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EM Central Banks Lead the Way on Tightening. Bond Investors Are Waiting for Next Year.

The Czech central bank in Prague, Czech Republic. Emerging market central banks are leading the way on tightening.

Milan Jaros/Bloomberg

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Searching for yield in a low-return world? How about Brazil? The central bank there has hiked interest rates from 2% to 7.75% this year, and 10-year local-currency bonds yield north of 11% annually. Mexican rates have climbed from 4% to 5% since May. Poland hiked from 0.1% to 1.5% over the past two months. And so on.

“This is the first time in 35 years I have seen EM central banks lead the way on tightening,” says David Robbins, an emerging markets debt portfolio manager at TCW.

He and other managers are not piling into the bonds just yet, though. Maybe next year. The iShares JP Morgan EM Local Currency Bond exchange-traded fund (ticker: LEMB) is down more than 7% since Sept. 1, a vertiginous drop for fixed income.

Other things being equal, a widening gap between U.S. and foreign interest rates should rekindle the so-called carry trade: investors borrowing in dollars (or euros) and redeploying into real, pesos, or zlotys. But other things are far from equal as the world struggles to emerge from Covid-19 without reigniting runaway inflation.

The emerging market rate increases are barely keeping pace with price rises, and inflation there looks stickier than in developed markets. U.S. and Mexican inflation are both about 6% currently. A year from now, markets project the U.S. at 2.5%, with Mexico stuck at 4.5%, says Phoenix Kalen, head of emerging markets research at Societe Generale. That dampens return expectations.

Investors are instead accentuating the negative for emerging markets. Federal Reserve hints of tightening to come bolster the dollar and evoke memories of the “taper tantrum” that crashed emerging markets in 2013. “This whole year has been a taper tantrum in fits and starts,” Kalen says.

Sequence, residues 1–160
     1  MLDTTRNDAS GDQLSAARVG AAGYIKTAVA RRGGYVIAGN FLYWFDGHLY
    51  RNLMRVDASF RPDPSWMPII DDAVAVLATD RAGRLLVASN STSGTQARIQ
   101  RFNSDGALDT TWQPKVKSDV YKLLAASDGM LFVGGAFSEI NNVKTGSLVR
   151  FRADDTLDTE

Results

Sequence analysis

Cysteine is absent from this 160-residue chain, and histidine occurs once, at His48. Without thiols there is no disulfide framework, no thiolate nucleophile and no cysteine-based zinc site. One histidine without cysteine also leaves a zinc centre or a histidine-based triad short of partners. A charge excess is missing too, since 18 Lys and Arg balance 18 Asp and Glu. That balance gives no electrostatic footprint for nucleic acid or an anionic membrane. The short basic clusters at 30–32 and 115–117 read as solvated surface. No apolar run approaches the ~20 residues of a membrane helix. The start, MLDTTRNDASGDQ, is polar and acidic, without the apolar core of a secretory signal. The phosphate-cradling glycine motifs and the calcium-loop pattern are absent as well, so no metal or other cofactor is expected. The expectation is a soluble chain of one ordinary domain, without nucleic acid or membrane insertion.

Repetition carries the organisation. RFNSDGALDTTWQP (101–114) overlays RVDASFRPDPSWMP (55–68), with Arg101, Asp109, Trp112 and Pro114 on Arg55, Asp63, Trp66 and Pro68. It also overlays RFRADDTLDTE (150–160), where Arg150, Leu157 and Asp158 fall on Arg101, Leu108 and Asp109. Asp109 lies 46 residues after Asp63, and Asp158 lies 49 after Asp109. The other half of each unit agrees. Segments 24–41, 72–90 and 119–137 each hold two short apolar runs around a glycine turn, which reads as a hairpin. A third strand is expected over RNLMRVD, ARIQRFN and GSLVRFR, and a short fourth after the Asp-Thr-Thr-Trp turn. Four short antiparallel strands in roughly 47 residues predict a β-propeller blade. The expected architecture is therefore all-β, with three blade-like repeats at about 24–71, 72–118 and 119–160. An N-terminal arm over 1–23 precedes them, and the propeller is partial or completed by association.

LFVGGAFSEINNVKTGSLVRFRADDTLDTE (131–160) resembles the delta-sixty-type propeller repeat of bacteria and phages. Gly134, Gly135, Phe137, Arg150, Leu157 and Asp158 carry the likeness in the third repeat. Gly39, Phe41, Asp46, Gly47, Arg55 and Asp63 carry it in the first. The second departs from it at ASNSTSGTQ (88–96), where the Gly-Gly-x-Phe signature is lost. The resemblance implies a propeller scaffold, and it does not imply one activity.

The countries hiking most aggressively are also long on political risk. Brazil faces an election next year between two bad alternatives, from the markets‘ point of view: incumbent president Jair Bolsonaro and leftist ex-president Luiz Inacio Lula da Silva.

The peso slid to an eight-month low this week on Mexican President Andres Manuel Lopez Obrador’s out-of-left-field choice for central bank governor.

And Russia was a capital magnet for much of this year on rate hawkishness and energy prices. Now it’s tumbling as Vladimir Putin masses armies against Ukraine. The ruble is down 8% against the dollar over the past month, burning bondholders.

Asia is offering less immediate risk, and less reward. Regional giants India, Indonesia, and Philippines are all holding steady near record-low interest rates.

Next year could be better, investors say, with inflation cooling and emerging markets’ interest rates peaking, just as the Fed starts hiking interest rates for real. Rising rates are bondholders’ enemy. “Once we see peak inflation, the carry trade could come back with force,” says Luc D’hooge, head of emerging markets bonds at Vontobel’s Fixed Income Boutique.

D’hooge is expecting that happy moment to come in spring of 2022, an educated guess at best. Another precondition: continued cooling of U.S. economic growth—the third-quarter rate was 2.1% year on year—while emerging markets accelerate out of the pandemic. “People like to see the growth differential with the developed world increasing, not decreasing, as it has been,” D’hooge says.

A lot of ifs. “It could be darkest before the dawn,” SocGen’s Kalen says. Or the night could last awhile.